By Dr. Victor S. Sierpina

The old Billy Joel song posed the dynamic of choosing the right color of wine. This has long been debated with oenophiles, those that study and love wines, each with strong opinions, including how to pair wines with foods. The classic alignment is white wines with salads, chicken and fish dishes, even desserts. Reds are traditionally recommended for heartier fare such as soups, stews, roasts, red meat, aromatic cheeses, and so on.

Like food, the appreciation of wine incorporates aromas providing character, flavor, mouth feel, and a sense of appreciation or distaste. Most chefs and even snooty sommeliers agree that the best wine for you is the one that you actually like. The vintage, age, color, bouquet, type of grape, and all the other complexities of wine should never stand in the way of your enjoying a glass of wine that you personally enjoy.

Here is a little history. Wine, like many fermented products, was discovered as a way to preserve the harvest of fresh fruits in the pre-refrigeration era. By letting grapes ferment and slowly turn their sugars into alcohol, the final product could endure in a barrel or bottle for months and even years. Oenology, the science and study of wines and wine making, evolved over millennia and grape cultivation and wine making is now a major worldwide industry.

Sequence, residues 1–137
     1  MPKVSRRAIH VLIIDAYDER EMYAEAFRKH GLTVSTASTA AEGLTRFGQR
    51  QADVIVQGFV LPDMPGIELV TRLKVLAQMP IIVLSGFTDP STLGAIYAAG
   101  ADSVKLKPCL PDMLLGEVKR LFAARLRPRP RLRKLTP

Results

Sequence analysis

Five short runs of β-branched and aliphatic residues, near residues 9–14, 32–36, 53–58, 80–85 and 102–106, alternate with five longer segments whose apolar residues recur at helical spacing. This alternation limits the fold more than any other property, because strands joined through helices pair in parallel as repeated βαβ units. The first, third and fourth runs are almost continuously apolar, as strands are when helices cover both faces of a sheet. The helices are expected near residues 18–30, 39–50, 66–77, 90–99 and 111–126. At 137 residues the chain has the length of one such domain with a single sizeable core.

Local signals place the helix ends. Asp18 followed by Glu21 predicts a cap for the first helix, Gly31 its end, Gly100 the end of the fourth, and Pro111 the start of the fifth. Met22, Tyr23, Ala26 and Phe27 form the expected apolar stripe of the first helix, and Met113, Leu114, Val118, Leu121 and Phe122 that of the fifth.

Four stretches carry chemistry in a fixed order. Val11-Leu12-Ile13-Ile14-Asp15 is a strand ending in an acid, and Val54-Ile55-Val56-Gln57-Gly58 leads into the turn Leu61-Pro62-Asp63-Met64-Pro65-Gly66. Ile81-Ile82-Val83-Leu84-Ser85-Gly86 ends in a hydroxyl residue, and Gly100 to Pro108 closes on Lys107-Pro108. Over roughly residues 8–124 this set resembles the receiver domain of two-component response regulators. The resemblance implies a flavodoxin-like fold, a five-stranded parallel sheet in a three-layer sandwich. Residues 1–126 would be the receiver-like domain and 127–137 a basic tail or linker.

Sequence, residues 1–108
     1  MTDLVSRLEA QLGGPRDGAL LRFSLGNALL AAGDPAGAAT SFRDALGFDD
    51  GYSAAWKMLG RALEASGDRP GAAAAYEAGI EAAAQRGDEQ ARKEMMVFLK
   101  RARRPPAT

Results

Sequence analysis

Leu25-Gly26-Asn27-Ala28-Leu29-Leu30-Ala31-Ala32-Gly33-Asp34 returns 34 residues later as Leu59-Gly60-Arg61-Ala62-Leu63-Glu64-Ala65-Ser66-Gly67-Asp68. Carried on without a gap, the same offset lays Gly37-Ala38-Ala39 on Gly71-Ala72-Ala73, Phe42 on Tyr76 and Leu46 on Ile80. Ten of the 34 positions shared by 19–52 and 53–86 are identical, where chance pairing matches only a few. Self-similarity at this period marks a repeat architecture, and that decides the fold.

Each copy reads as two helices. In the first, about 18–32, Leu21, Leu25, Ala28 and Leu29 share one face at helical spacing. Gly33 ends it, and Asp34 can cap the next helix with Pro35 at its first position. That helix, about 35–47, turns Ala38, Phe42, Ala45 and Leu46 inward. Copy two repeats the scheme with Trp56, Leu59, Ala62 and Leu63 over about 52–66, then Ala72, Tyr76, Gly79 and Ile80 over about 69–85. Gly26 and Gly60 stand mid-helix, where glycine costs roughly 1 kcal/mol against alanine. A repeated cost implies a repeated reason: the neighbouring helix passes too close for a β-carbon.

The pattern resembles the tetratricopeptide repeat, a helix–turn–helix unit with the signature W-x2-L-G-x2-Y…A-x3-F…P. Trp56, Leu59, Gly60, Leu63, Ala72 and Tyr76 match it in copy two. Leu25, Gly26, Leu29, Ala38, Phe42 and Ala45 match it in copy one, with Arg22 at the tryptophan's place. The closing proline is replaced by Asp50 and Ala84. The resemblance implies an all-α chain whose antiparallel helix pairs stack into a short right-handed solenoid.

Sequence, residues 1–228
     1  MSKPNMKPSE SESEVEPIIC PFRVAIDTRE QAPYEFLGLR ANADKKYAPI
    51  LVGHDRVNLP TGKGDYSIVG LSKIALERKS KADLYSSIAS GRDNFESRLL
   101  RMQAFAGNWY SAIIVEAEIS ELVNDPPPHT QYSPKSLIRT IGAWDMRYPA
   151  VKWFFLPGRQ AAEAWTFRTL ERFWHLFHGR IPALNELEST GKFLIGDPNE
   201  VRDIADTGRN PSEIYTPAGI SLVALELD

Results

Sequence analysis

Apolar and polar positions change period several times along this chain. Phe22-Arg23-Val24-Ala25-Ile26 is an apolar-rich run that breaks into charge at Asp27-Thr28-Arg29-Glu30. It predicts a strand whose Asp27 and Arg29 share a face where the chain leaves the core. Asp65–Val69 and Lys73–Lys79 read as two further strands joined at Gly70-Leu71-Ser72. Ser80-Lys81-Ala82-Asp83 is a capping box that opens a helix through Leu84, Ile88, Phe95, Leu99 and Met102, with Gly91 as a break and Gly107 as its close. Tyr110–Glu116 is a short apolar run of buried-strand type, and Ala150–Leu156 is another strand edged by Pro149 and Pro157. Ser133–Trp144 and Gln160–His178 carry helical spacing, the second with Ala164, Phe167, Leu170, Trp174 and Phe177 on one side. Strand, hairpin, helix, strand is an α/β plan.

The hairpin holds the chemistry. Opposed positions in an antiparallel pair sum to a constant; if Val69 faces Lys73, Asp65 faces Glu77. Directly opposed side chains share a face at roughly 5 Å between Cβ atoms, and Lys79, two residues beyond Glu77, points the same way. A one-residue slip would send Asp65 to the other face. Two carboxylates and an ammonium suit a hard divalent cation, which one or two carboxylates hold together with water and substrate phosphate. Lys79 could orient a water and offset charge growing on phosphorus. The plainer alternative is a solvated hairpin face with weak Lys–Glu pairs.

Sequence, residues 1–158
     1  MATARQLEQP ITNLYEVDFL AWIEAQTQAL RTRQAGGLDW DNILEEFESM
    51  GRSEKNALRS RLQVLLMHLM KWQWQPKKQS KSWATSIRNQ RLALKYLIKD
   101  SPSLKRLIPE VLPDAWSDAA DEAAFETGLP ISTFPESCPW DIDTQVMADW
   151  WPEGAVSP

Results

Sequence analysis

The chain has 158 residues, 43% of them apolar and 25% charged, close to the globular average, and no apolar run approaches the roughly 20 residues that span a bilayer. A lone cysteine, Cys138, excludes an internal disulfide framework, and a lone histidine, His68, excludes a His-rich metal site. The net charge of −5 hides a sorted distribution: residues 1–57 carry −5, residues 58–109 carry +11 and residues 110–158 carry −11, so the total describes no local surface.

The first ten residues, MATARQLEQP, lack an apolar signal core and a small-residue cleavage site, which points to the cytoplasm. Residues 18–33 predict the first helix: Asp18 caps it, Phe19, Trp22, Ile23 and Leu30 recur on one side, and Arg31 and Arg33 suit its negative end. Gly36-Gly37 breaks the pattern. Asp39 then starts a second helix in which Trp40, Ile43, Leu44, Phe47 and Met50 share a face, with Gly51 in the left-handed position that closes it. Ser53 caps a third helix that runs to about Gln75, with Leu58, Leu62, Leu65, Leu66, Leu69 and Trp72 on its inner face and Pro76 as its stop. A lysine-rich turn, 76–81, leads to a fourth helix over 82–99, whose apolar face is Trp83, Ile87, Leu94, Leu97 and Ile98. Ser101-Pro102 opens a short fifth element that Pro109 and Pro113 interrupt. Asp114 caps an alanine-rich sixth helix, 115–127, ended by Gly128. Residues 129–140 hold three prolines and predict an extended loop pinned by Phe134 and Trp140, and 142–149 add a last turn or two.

What are the health benefits to this fermented fruit of the vine? Both the anti-inflammatory food pyramid and the Mediterranean diet includes a modest amount of wine in their recommendations. Some studies suggest that red wine is healthier because of its resveratrol content. Resveratrol is an antioxidant that occurs in higher amounts in red wines and may help reduce risk of cardiovascular disease, diabetes, and cancer.

Other studies have shown, however, that it is not just red wine that confers health benefit, but any type of alcohol, white wine, beer, and liquor. These others in moderate amounts confer health benefits likely from their effects on blood clotting factors like platelets among other factors.

According to Dr. Andrew Weil, about 70 percent of wine drinkers choose red varieties over white. I am a fan of both, preferring dry whites like Sauvignon Blanc and juicy, aromatic reds like Pinot Noir. The following reds have the highest resveratrol content and these would be the healthiest choices. Here are some recommendations from his website www.drweil.com

• Pinot Noir: It consistently has the highest concentrations of resveratrol, especially if the grapes come from cool, rainy climates (Oregon, Washington, Central California Coast, New Zealand)

• Cabernets, merlots and Syrahs: Cabernet is made from tannat grapes, merlot is made from blue grapes, and Syrah is flavored with black currants, but all contain high levels of procyanidins which promote heart and arterial health.

Resveratrol is also available from berries, especially blueberries so you don’t have to be a drinker to gain the berry/grape benefits. In fact, if you do not drink, it is probably not worth it to start for the modest health benefit. Limiting your intake to one or two glasses a day is optimal for healthy consumption. All things in moderation for your good health!

Dr. Victor S. Sierpina is the WD and Laura Nell Nicholson Family Professor of Integrative Medicine and Professor of Family Medicine at UTMB.